Another facility that has been open to abuse by universities especially the private universities is the Open, Distance, and E-learning (ODEL) and school-based programs. While such facilities are expected to bring education closer to people as anticipated by CUE (2014), some universities have been cited to run facilities that do not meet the standards while school-based programs have been hastened for students to complete the studies with questionable credit hours largely compromising the quality and standards of university education. Besides, this faculties have also been cited to be too lenient on students on such modes and rarely endeavor to engage in academic rigor anticipated.
On postgraduate studies, universities have not been doing well either, while acknowledging that old universities like University of Nairobi, Kenyatta university, Moi University, Egerton University, and Jomo Kenyatta University of Technology have tried to streamline their postgraduate programs, overstaying in the programs is still a phenomenon in some schools. The situation in most private universities and newly established universities is inadequate academia to supervise graduate students and hastened supervision leaves room for undesired research projects. Instances have been cited where some supervisors do not engage graduate students to carry out rigorous research but only sign thesis for submission to the postgraduate boards. However, this could be something of the past. Thanks to the new CUE guidelines that prescribe conditions for the award of postgraduate studies. Besides, universities have been required to come up with antiplagiarism mechanisms to check on copying of other peoples’ work.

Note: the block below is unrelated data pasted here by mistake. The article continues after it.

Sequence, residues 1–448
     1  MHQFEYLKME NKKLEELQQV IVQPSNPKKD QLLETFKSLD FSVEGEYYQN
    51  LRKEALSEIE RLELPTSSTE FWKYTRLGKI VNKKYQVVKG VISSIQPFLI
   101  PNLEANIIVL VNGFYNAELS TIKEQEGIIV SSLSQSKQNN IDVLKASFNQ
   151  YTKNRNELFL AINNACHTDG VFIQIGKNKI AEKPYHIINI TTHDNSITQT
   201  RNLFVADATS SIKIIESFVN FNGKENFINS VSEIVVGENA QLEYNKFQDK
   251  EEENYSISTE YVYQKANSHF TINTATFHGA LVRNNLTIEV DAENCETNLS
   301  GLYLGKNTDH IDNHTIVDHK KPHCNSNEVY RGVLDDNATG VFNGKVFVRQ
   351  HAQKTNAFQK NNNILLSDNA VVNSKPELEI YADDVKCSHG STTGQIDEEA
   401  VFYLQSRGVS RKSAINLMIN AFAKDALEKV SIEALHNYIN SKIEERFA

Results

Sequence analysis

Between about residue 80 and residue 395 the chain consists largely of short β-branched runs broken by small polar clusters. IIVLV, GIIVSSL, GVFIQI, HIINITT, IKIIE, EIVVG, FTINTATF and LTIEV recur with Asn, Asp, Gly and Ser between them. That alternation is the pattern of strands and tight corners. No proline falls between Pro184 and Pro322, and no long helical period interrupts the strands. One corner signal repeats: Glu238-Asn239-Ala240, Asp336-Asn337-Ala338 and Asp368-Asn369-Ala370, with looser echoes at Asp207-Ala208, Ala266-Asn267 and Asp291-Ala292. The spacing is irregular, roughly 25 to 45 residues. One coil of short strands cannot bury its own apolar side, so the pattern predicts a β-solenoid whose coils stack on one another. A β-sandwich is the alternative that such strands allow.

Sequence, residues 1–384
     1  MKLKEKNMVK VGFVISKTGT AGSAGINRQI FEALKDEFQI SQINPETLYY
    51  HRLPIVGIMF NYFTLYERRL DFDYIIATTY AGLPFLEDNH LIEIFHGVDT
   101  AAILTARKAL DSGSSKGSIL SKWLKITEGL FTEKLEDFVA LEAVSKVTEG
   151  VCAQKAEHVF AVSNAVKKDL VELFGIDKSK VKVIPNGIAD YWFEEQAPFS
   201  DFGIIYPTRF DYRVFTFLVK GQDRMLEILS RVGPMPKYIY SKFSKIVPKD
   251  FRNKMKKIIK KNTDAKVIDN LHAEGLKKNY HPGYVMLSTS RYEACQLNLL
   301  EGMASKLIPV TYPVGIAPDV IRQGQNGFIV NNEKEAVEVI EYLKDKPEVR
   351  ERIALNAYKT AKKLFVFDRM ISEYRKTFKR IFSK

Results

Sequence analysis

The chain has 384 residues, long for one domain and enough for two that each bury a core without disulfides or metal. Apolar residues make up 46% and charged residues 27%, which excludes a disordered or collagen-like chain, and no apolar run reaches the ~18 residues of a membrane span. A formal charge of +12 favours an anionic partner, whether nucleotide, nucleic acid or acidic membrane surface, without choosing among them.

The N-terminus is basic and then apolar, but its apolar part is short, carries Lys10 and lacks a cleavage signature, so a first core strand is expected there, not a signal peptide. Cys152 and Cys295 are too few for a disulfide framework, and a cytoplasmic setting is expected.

From pedagogical point of view, it is prudent for university lecturers to operate within own and professionally held views and beliefs that propagate good education and effective teaching as alluded by Moore (2000). In this sense, they are expected to be charismatic in approach, displaying communication skills coupled with sound understanding of and enthusiastic about their subject area. They are also expected to be competent by not only having deep discourse in their subject area but able to recognize how learning takes place so as to provide for different kind of learners. As such, it is imperative that the different modes of study envisaged by universities call for different learning styles and building capacity to cater for them will significantly reduce the antagonistic views that deepen the hiatus between the full-time students and the self-sponsored students. The private universities on their hand ought to keep at bay the concept of university as an enterprise and focus on the competences gained by the students.